On the Workings of a Cartel: Evidence from the Norwegian Cement Industry
Using data on prices, production, and exports, we are able to identify marginal costs as well as the effectiveness of the Norwegian cement industry cartel. We find that our marginal cost estimates are very much in line with the detailed cost accounting data. We show that the cement cartel has been ineffective because the sharing rule induces "overproduction" and exporting below marginal costs. It is consumers -- not firms -- who benefit from the sharing rule. The ineffectiveness of the cartel was becoming so large that domestic welfare of a merger to monopoly would be positive around 1968, which is when the merger actually took place! We also show that competition would have resulted in even higher welfare gains over the entire sample.
Volume (Year): 96 (2006)
Issue (Month): 1 (March)
|Contact details of provider:|| Web page: https://www.aeaweb.org/aer/|
More information through EDIRC
|Order Information:||Web: https://www.aeaweb.org/subscribe.html|
References listed on IDEAS
Please report citation or reference errors to , or , if you are the registered author of the cited work, log in to your RePEc Author Service profile, click on "citations" and make appropriate adjustments.:
- Carl Davidson & Raymond Deneckere, 1984.
"Excess Capacity and Collusion,"
675, Northwestern University, Center for Mathematical Studies in Economics and Management Science.
- repec:oup:restud:v:54:y:1987:i:1:p:23-35 is not listed on IDEAS
- Aiginger, Karl & Pfaffermayr, Michael, 1997. "Looking at the Cost Side of "Monopoly."," Journal of Industrial Economics, Wiley Blackwell, vol. 45(3), pages 245-67, September.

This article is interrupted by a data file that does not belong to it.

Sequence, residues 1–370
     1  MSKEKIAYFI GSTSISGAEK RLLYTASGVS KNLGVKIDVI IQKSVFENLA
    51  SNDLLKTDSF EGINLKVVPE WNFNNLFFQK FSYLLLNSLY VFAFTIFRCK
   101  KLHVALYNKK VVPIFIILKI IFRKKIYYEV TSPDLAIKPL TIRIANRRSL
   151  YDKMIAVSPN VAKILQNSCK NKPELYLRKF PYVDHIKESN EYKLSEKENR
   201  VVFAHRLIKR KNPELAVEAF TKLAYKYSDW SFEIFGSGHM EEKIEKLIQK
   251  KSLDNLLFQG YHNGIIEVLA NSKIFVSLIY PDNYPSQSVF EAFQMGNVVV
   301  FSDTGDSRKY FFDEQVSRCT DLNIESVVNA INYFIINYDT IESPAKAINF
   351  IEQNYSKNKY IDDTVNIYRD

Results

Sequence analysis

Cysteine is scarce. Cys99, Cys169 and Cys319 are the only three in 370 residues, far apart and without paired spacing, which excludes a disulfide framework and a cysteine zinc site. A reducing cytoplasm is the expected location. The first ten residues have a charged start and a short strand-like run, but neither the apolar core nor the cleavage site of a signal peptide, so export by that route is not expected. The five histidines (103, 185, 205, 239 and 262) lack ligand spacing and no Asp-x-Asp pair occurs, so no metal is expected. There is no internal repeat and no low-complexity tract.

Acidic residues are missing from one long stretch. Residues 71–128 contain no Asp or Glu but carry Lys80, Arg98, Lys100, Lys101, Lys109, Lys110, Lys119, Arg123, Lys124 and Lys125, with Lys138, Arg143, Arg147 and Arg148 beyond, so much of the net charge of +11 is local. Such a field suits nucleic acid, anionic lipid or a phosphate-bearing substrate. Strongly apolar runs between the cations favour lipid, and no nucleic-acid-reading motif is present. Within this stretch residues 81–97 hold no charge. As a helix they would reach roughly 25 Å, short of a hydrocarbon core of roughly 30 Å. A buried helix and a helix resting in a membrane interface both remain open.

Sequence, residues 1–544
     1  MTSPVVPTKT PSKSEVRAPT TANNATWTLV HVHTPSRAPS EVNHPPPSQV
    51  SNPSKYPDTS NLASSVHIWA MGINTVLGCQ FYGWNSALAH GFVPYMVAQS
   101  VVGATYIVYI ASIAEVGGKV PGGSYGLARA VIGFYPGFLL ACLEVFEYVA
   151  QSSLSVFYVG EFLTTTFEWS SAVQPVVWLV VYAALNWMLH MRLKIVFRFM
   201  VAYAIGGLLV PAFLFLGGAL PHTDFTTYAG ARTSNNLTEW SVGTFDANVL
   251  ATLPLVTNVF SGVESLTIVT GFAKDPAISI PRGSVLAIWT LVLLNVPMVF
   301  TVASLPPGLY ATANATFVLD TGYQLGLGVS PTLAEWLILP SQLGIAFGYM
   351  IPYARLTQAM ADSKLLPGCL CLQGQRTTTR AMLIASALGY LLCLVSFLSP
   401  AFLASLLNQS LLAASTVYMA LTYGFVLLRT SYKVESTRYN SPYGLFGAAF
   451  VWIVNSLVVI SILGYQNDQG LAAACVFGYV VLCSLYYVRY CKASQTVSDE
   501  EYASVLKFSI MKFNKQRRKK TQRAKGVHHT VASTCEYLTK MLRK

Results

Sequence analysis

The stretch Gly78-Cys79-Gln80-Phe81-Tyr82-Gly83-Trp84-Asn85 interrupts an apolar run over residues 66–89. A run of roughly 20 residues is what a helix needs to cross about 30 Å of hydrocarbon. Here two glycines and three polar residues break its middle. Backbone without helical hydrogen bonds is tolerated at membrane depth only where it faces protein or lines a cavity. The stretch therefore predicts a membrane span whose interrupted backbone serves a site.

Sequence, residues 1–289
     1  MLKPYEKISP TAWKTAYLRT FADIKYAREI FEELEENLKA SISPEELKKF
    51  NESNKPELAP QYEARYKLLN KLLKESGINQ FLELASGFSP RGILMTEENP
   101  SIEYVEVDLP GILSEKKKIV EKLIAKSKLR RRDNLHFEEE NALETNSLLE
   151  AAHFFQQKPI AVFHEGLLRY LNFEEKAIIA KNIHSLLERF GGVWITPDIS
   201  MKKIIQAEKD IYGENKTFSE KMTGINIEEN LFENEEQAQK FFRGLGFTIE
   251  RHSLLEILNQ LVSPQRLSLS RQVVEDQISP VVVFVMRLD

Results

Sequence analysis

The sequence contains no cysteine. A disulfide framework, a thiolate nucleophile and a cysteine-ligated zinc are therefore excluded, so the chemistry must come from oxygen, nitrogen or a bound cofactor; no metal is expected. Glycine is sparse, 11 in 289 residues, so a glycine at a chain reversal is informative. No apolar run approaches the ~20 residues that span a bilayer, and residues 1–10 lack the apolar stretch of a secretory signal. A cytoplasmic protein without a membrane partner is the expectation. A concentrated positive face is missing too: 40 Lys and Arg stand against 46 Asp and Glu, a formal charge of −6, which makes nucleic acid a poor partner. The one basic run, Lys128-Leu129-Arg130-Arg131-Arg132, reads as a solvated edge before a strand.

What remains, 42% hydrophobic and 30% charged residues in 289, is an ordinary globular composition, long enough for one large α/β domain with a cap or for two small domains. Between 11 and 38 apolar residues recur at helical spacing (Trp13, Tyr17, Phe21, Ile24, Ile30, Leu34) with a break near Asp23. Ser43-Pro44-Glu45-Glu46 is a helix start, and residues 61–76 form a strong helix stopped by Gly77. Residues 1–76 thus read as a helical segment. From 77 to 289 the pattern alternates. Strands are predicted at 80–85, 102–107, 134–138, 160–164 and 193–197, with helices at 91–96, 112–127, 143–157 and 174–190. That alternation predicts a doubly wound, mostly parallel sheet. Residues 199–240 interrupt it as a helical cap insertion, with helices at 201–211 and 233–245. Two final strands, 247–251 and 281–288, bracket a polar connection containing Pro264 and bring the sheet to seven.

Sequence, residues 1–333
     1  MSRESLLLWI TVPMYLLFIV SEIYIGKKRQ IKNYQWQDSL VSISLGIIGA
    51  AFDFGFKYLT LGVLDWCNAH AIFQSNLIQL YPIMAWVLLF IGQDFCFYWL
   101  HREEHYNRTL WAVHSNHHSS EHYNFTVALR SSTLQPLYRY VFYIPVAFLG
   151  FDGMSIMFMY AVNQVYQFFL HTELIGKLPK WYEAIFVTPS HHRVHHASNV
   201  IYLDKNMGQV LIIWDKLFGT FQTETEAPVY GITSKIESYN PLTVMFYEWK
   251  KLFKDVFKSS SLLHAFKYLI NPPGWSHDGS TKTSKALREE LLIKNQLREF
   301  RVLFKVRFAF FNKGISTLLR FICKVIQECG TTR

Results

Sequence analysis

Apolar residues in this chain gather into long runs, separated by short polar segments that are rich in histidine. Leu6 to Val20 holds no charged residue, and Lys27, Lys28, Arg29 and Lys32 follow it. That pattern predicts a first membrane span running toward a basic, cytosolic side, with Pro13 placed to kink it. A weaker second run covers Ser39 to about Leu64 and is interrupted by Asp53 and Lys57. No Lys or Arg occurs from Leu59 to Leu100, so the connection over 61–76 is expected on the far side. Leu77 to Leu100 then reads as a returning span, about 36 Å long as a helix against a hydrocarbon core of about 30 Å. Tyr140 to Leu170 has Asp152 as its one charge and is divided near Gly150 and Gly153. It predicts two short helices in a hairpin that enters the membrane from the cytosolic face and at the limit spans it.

- Mukesh Eswaran, 1997. "Cartel Unity over the Business Cycle," Canadian Journal of Economics, Canadian Economics Association, vol. 30(3), pages 644-72, August.
- Mats Bergman, 1997. "Antitrust, Marketing Cooperatives, and Market Power," European Journal of Law and Economics, Springer, vol. 4(1), pages 73-92, January.
- James A. Brander & Richard Harris, 1983. "Anticipated Collusion and Excess Capacity," Working Papers 530, Queen's University, Department of Economics.
This item is featured on the following reading lists or Wikipedia pages:
When requesting a correction, please mention this item's handle: RePEc:aea:aecrev:v:96:y:2006:i:1:p:321-338. See general information about how to correct material in RePEc.
For technical questions regarding this item, or to correct its authors, title, abstract, bibliographic or download information, contact: (Jane Voros)or (Michael P. Albert)
If you have authored this item and are not yet registered with RePEc, we encourage you to do it here. This allows to link your profile to this item. It also allows you to accept potential citations to this item that we are uncertain about.
If references are entirely missing, you can add them using this form.
If the full references list an item that is present in RePEc, but the system did not link to it, you can help with this form.
If you know of missing items citing this one, you can help us creating those links by adding the relevant references in the same way as above, for each refering item. If you are a registered author of this item, you may also want to check the "citations" tab in your profile, as there may be some citations waiting for confirmation.
Please note that corrections may take a couple of weeks to filter through the various RePEc services.